Monday, April 30, 2007

The Business of Art

In my other life as a marketing and business consultant, I help my clients focus their goals into a cohesive plan of action via a business plan. There's usually some resistance to the idea because the process seems daunting, but no matter how simple or elaborate a plan, the results are always rewarding. I experienced the same daunting feelings when I put myself through the task of writing my own business plan for Calypso Art Quilts these past few weeks.

After the rush of creating all the pieces I needed for my first solo show, I switched gears and got into thinking mode. I spent hours at the computer doing research, considering all the venues through which I could sell my quilts, and with so many possibilities I could feel myself going into information overload. I exacted of myself the same questions I would ask of any business owner and finally condensed my ideas into a few basic strategies to follow.

It was a great feeling when I finally got my thoughts in order on paper. And although this is just the beginning, the jumble of ideas now have a home that I can go visit whenever I'm ready for them, rather than having them all knocking about in my brain. I've got the plan organized into main categories (inventory, website exposure, local market exposure, etc.), and now comes the job of distilling each category down to a series of to-dos for each week. These to-do's are going to be bite-size pieces, small enough steps to trick the brain from thinking that building a business from scratch has to be difficult or labor-intensive.

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Thursday, April 26, 2007

So Long, Snowbirds!

When Bob and I take our early morning walk, we head down our hill, around the bend, and along the drive into Gentle Winds, a condominium development on the beach with a large population of retirees who winter in St. Croix. All "winter" long, the Gentle Winds drive is full of morning walkers, whom we greet and have come to know by name. Jim and Dick carry plastic bags and pick up trash along the way. Mal walks her beagle that sometimes runs away to chase a mongoose, while Tom walks a sweet white poodle aptly named Marshmallow. Peter from Montreal asks about life up here on the hill, and a plump lady who nods a silent greeting carries a small Ipod in hand while wearing enormous headphones.

But as April winds down, the bustling drive to Gentle Winds empties as one by one, these walkers disappear. They return to their families in Connecticut or Rhode Island or Ohio, and Bob and I are often the only walkers on that stretch. With the snowbirds the tourists go too.

High season in St. Croix runs from December to April. There are families that come here during their kid's summer vacation, but the overall numbers are not as high as in season. We, the year-round residents, get used to the extra space on the roads, at restaurants, beaches, etc., and then October rolls around, and the influx begins as seasonal workers return to their jobs to prepare for the new tourist season.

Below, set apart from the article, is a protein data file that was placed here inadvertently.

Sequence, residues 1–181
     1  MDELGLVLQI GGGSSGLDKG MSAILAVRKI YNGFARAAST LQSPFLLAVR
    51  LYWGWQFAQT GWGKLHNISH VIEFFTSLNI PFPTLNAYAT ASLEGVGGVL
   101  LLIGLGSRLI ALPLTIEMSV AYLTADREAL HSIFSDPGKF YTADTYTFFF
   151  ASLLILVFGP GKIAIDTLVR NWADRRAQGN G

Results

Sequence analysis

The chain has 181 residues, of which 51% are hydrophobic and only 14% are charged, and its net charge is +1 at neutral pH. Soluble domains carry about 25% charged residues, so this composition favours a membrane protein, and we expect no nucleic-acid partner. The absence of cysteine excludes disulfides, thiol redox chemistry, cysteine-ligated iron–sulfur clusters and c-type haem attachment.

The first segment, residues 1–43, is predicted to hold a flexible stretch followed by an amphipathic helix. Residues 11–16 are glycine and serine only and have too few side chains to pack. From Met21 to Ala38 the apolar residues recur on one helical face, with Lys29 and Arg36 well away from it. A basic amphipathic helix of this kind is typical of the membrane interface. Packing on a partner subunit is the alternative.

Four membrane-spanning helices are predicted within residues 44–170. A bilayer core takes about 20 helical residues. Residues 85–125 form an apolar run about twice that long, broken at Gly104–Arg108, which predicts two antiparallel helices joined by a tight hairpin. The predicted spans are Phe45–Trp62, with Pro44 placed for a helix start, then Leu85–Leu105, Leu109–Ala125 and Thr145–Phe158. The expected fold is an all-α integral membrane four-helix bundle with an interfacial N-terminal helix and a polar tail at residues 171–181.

And Bob and I continue our morning walk along the drive, and one day we see Dick who offers us a hearty greeting, and another day Tom comes along with Marshmallow, and soon the drive is full of life again.

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Thursday, April 19, 2007

A Taste of St. Croix

Tonight Crucians are in for one of the most popular events on island. Throngs gather at the Divi Carina Bay Resort to sample food and wine from 50 restaurants and wine merchants. You vote for the best food and the winning restaurant gets bragging rights and is sent to compete at a Caribbean food contest in Florida. A Taste of St. Croix is a fundraiser to benefit the St. Croix Foundation, which in turn spends the money in community initiatives. The price this year is $75 per ticket (up from $60 last year) and the event is so popular that I heard this year tickets sold out in 20 minutes.

I went last year. There were 50 tables to visit within a couple of hours. I got my first small sampling plate from the first table and my first glass of wine from the second table, and I ran out of hands. I didn't even know where to put my wine glass so that I could actually eat the food. This predicament repeated itself throughout the night, but I still managed to sample a few wines and I got to try dishes like Shrimp Tagine and Coconut-encrusted Mahi Mahi, and a heavenly chocolate mousse. I went with a group of people and found myself spending a good chunk of time just trying to keep track of my companions. When the night was over and the tables were cleared, I was astounded to discover that I was still hungry!